From the Associated Press comes an article about the problem with student loans. Only this time it’s not the normal problem. Some students are apparently avoiding taking out loans. Maybe if they took out some loans they’d be more likely to graduate, suggests the AP. Well, maybe, but this seems like a focus on the wrong problem.
Justin Pope writes:
Even as college prices and average student loan debt rise, educators in some sectors of higher education report they’re also seeing plenty of students [who refuse to take out student loans]. After watching debt cause widespread damage in their families and communities, they’re determined to avoid loans no matter what.
What’s surprising is this: Educators aren’t sure that’s always such a good thing.
Students who take extreme steps to avoid debt at all costs, they say, may get stuck with something much more financially damaging than moderate student loan debt. They may not wind up with a college degree.
Students who avoid loans work long hours, live at home, attend less selective universities, and take fewer credits. All of these things are predictors of dropping out.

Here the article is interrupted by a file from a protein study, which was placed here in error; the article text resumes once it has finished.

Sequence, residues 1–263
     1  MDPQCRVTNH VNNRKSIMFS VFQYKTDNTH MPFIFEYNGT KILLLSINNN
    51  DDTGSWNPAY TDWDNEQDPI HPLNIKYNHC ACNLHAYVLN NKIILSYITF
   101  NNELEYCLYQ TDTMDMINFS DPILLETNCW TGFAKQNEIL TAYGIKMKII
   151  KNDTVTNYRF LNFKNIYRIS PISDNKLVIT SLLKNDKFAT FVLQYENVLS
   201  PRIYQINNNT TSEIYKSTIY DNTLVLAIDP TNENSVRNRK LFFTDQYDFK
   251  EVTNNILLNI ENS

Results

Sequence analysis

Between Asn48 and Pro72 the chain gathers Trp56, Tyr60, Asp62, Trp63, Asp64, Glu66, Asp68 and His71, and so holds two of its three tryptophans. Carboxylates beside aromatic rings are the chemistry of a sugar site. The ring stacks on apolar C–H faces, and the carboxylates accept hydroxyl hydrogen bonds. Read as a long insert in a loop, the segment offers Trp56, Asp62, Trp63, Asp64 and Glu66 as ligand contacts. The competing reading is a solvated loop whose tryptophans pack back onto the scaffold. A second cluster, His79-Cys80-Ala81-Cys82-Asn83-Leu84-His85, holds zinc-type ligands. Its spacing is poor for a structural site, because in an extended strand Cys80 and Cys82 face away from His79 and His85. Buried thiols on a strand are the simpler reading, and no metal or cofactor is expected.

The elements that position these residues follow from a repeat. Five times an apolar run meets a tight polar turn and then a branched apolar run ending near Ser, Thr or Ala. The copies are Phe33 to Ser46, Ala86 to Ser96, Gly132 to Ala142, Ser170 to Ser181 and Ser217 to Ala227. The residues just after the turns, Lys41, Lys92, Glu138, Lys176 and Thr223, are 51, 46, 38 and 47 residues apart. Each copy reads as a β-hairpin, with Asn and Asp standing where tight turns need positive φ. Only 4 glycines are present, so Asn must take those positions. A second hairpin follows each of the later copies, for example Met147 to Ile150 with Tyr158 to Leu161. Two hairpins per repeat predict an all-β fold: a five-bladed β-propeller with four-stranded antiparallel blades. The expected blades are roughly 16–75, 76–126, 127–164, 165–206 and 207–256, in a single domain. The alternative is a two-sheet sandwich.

So maybe students should take out some loans. The proof for this theory appears to rest in the fact that most students who take on debt to go to college (86 percent) are able to attend full time. Students who don’t borrow are usually attending college part time. And full-time students are much more likely to graduate than part-time students.
This is an interesting idea, but it’s not the loans that lead students to graduate, is it? It’s the ability to pay for college and have a normal, four-year full-time experience that leads to graduation. This is actually not a student loan problem; it’s a cost of college problem.
The anecdote in the article is Jesse Yeh, a student at University of California-Berkeley with unemployed parents who doesn’t buy textbooks, skips meals, and sleeps five hours a night in order to avoid taking out student loans.
Well of course living like this it isn’t a good idea, but it’s what colleges have forced upon students. If the only way to have a normal college experience is to take out loans—to attend a state university—that means something is very wrong.
The real problem is not that students aren’t graduating because they’re not taking out loans. The real problem is that they may not graduate because college costs too much.